Does Sci-Fi drive innovation?

How science fiction inspires real life

The German playwright Bertolt Brecht is often quoted as claiming that ‘art is not a mirror to hold up to reality, but a hammer with which to shape it’ – and while he may not at the time have been thinking about science fiction’s relation to real-world science, the statement certainly rings true in that context too. It might be difficult to pinpoint exactly to what extent science fiction is really responsible for inspiring new technology, but it cannot be a complete coincidence that so much of what we have seen in the genre’s films and literature has been replicated in real life.

The digital sector, artificial intelligence, computation, and robotics have all benefited significantly from the visions of science fiction authors – which may not come as a surprise. In 2007, Google’s Michael Jones reportedly stated that the Maps app was initially intended as a version of the Tricorder from Star Trek. Ideas about artificially creating something equivalent to life can be traced as far back as 1808 with Mary Shelley’s Frankenstein, and robots somewhat similar to those we see today began appearing in films and literature in the 1920s, well before they started being translated into reality. But science fiction has also had important impacts on fields such as astrophysics. Arthur C. Clarke’s story The Sunjammer, published shortly after discoveries were made that light could exert pressure on physical objects, depicted so-called ‘solar sails’ – large, thin sheets of reflective material are propelled through space solely by the sun’s rays. The Sunjammer is widely acknowledged as the motivating force behind physicists’ move to make solar sails a reality, which they have been successful in doing. Solar sails are proposed to have a variety of uses to do with measurements and observations of the wider solar system and even beyond, with projects to send a fleet to Earth’s second nearest star, Alpha Centauri.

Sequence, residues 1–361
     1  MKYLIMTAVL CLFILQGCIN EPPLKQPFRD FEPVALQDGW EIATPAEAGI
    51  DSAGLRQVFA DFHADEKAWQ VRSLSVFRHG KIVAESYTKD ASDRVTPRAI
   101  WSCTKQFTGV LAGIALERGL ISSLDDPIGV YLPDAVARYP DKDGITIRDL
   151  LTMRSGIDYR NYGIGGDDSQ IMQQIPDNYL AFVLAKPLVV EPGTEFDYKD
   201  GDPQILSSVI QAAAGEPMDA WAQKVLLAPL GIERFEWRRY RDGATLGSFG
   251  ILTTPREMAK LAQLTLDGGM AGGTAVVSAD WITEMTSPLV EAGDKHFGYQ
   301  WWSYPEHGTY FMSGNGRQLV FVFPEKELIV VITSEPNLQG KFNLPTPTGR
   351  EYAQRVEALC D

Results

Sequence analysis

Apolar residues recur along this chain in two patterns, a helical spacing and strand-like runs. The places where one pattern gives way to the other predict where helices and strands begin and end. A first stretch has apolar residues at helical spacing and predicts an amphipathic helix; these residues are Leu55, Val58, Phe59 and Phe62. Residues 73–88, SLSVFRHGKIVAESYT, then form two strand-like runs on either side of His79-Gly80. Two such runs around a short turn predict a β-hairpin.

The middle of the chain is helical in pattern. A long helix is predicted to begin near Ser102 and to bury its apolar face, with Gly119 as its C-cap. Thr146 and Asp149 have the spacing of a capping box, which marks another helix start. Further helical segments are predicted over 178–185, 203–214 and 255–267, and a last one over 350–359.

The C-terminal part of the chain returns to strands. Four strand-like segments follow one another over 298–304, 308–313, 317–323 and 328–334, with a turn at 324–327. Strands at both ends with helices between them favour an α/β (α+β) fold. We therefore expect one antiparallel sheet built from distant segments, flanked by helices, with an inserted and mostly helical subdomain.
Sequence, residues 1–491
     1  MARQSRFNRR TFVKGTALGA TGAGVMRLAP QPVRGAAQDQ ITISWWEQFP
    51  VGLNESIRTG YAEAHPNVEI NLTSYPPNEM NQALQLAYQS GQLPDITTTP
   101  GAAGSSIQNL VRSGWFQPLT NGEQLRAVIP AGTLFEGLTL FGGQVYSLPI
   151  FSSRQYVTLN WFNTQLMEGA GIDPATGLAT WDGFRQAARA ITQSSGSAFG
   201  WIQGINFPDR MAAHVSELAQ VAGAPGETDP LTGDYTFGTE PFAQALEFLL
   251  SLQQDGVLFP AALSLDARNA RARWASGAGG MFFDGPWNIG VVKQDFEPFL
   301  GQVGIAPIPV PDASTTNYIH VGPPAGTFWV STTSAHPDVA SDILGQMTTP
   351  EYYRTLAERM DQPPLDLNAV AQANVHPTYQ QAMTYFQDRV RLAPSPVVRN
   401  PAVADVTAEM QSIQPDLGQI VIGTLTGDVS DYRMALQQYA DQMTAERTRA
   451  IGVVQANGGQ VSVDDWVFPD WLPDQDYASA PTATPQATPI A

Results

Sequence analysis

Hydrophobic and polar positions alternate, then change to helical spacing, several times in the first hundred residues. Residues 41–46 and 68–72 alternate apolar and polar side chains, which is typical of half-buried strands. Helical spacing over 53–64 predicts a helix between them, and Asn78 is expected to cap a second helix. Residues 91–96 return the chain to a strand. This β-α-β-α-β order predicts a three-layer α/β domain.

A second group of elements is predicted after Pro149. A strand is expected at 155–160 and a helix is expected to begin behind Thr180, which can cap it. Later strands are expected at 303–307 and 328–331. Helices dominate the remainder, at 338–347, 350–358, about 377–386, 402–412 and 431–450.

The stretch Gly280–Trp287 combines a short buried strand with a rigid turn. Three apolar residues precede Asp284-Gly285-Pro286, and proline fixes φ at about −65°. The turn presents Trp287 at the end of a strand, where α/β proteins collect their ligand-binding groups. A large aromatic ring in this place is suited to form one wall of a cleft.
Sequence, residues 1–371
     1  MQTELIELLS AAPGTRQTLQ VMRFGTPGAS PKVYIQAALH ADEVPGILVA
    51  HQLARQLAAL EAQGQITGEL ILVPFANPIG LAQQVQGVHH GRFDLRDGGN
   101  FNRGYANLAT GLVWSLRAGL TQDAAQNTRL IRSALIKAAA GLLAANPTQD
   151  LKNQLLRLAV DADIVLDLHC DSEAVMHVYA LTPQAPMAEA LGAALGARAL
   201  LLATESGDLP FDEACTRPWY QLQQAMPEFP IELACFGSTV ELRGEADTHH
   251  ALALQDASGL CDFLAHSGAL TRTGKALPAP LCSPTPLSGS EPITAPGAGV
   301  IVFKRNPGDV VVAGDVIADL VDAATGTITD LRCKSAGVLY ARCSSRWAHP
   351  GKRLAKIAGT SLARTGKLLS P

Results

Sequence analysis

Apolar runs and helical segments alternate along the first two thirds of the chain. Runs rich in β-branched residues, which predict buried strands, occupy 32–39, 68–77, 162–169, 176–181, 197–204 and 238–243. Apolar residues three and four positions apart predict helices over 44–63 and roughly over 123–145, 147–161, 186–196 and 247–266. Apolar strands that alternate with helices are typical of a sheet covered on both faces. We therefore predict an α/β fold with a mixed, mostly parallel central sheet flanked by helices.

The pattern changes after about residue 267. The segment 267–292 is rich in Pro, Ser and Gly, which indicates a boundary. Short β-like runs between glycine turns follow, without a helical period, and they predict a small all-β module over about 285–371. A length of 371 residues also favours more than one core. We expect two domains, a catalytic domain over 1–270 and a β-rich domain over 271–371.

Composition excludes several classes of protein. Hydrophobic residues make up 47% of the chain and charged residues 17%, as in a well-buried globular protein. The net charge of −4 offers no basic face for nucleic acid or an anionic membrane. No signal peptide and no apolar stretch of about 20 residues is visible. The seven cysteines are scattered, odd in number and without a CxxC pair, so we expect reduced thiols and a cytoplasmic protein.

Beyond its direct effects on scientific research, science fiction plays a vital role in shaping public perception of, and discussions around, new developments. The genre is extremely effective at exploring possible outcomes of the use of certain technologies, and at delving into the morally murky side of fields like artificial intelligence or gene editing. Of course, it can also serve as a source of misinformation, dramatising something to exaggerate its possible implications and needlessly alienating the public from it. Either way, scientific progress is clearly not a lone endeavour. There are always a variety of forces at play to drive the process onwards; they may sometimes be at odds with each other, but when they move in the same direction – such as in the case of solar sails – each one benefits from it immeasurably.

Francesca VII